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Railways refusal to divulge basis of Freighter rates

25th November 1966
Page 34
Page 34, 25th November 1966 — Railways refusal to divulge basis of Freighter rates
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Which of the following most accurately describes the problem?

BRITISH RAILWAYS this week refused to divulge what the train element was in the rates structure for specific traffic between Glasgow and London. Mr. S. Buchanan, for objectors, put the question to Mr. J. H. Young, British Railways Glasgow division sales manager, during a public inquiry at Edinburgh. British Railways was seeking to vary its A licence by surrendering licences for 20 vehicles amounting to 99+ tons and substituting 16 artics of 152 tons. It was represented by Mr. D. Brown and the case was heard by the Scottish LA, Mr. A. B. Bimie.

The application attracted 30 objectors from many areas. Mr. Brown called Mr. E. H. Hopwood, assistant to the manager, containers and Freightliners, as a policy witness. He stated that the concept of Freightliner traffic was a combined rail/road operation. He claimed it increased productivity and reduced costs and that it was designed as a fast, reliable and secure service.

Mr. Buchanan, who represented objectors jointly with Mr. R. MacKenzie, asked Mr. Hopwood what the Board's attitude was regarding the use of private hauliers at Freightliner terminals. Mr. Hopwood said it was policy to accept all hauliers but agreed that it was the trade union's policy at the moment to keep them out. Mr. Buchanan suggested that this bar by the trade union was creating an artificial shortage.

Mr. Young told the court that the Freightliner was the type of service that every railwayman had been wanting for years. The guaranteed c. and d. times for Freightliners had created new markets for industrialists and traders in central Scotland. One trader had told British Railways that he would develop his market as it developed its service. The driver was an important unit in the BR team, according to Mr. Young. British Railways' drivers understood better how to prepare an open container for the rigours of a 400-mile journey at speeds of 75 miles per hour. They also knew how to load a vantype container. They were more acceptable to the customer than private hauliers' drivers.

Mr. Buchanan reminded the court that Mr. Stanley Raymond, chairman of British Railways, had said at Torquay (COMMERCIAL MOTOR, October 21) that British Railways did not intend to build up its road fleet. Mr. Young agreed that this was the case. When he was re-examined by Mr. Brown he stated that as traffic increased British Railways would require a larger road fleet to deal with it. Mr. Buchanan again made the point that terminal difficulties were debarring the

private haulier from using Freightliner services. He stressed that this was contrary to the expressed desire of Mr. Raymond who had told the RHA that the Freightliner service was a combined road/rail operation in which the RHA should be partners.

Two BR customer witnesses, Mr. D. MacDonald, transport manager, Johnnie Walker Ltd., whisky distillers, and Mr. W. D. Wark, transport manager of John Lyle and Co.. carpet manufacturers told the court of their satisfaction with the Freightliner service. It was, they contended, faster and more economic than the previous method of cartage they used which had been British Railways ordinary freight service or their own C-licensed vehicles. At this point the objectors advised the court that they did not dispute the speed and efficiency of the Freightliner service but that their real concern was in the collection and delivery of the goods to and from Gushetfaulds terminal.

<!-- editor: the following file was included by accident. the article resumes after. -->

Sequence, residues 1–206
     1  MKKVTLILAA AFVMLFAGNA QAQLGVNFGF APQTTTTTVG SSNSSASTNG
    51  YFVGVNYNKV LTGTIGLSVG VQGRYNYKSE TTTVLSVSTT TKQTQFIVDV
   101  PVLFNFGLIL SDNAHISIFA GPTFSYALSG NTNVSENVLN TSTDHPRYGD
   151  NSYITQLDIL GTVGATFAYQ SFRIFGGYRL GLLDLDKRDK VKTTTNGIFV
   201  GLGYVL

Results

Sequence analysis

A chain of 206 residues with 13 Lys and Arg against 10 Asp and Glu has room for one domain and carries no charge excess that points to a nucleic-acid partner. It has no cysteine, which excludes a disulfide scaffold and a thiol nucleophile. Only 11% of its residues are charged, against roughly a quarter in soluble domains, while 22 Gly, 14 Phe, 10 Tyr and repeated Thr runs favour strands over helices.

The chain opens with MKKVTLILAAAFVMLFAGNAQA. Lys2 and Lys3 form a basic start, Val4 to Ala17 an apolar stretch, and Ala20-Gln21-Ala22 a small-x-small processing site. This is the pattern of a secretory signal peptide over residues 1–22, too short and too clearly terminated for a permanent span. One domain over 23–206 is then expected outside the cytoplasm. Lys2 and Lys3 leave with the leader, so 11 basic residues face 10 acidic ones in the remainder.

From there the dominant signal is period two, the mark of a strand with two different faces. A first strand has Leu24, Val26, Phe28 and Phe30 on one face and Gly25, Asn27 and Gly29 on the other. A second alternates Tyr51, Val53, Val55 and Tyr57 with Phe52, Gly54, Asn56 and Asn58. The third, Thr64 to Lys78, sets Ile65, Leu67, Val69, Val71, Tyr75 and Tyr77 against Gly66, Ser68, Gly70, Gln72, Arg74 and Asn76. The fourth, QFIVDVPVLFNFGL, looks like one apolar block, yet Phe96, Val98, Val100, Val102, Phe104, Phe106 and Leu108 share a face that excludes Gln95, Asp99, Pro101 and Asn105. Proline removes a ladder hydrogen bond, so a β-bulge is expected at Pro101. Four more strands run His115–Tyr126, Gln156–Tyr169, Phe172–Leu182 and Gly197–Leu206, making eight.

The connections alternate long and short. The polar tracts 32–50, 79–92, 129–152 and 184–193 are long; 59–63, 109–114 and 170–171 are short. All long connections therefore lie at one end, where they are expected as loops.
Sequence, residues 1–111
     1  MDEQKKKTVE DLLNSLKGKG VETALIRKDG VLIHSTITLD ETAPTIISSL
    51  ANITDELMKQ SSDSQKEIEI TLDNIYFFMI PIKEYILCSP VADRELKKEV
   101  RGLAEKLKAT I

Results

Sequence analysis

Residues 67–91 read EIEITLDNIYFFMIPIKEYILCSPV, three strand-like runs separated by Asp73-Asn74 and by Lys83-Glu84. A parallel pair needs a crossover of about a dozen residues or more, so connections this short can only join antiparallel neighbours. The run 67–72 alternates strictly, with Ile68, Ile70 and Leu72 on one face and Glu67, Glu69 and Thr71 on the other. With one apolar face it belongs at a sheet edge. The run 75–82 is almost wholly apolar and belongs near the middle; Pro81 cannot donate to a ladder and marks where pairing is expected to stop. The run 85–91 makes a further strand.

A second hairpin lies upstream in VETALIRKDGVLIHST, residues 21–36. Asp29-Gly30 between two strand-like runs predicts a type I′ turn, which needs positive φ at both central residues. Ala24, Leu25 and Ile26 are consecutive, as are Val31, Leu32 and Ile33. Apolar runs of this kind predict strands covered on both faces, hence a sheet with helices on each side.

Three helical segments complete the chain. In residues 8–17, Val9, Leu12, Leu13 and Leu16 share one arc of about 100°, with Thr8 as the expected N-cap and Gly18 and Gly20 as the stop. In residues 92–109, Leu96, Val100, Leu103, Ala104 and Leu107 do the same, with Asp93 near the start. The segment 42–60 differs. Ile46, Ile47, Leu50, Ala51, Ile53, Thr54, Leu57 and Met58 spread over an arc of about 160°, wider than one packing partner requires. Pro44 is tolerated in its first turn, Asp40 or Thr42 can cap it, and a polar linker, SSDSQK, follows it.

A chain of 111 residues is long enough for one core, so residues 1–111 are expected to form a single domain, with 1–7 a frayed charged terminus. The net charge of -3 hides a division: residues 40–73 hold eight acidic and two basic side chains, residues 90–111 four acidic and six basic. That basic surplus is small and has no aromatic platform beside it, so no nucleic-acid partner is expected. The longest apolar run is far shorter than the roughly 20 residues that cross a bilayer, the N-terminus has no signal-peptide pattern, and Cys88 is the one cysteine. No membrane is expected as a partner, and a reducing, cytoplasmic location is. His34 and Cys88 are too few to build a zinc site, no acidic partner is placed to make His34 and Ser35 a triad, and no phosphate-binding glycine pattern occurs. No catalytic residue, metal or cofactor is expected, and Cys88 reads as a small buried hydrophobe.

Mr. MacKenzie suggested to Mr. William Aitken, BR terminal and cartage manager, that since the tonnages presented in an earlier submission were below that carried by British Railways 12 months ago and on the evidence of customers the Freightliner service was faster, there was in fact no need for additional vehicles.

Turning to the question of container traffic Mr. Buchanan asked Mr. Aitken if he had seen COMMERCIAL MOTOR'S article of November 18 showing Freightliner con tainers in a BRS parcels depot and he al referred to COMMERCIAL MOTOR'S pictur and coverage of the container traffic betwe Glasgow and London in the same issi Both features were submitted to the cou Mr. Buchanan asked Mr. Aitken if he h ever had an offer from MacKelvie's Trat port, of Paisley. Mr. Aitken said he had be offered two vehicles of suitable types t had not taken up the offer. Mr. Buchan said this offer was being made daily. October, British Railways had called for quotation from Allison Transport of Dund but to date they had not used the servil Mr. Buchanan suggested that in the light this information there was no shortal "We have succeeded in the past few wee in getting the vehicles required", sz Mr. Aitken.

Mr. Buchanan contended that BI Parcels Ltd., Tartan Arrow and C-licen fleets were capable of handling the bulk existing traffic and that the additional aw able capacity from Mac Kelvie and Allis would cater for its immediate needs. He ti the LA that on October 1 Allison's h quoted a rate of 38s. 6d. per hr. for a week 55 hr. with a maximum weekly mileage 500. "Why haven't you used these people asked Mr. Buchanan. "Could it have been case that you didn't want to use them pendi the result of this enquiry?"

The hearing continues.

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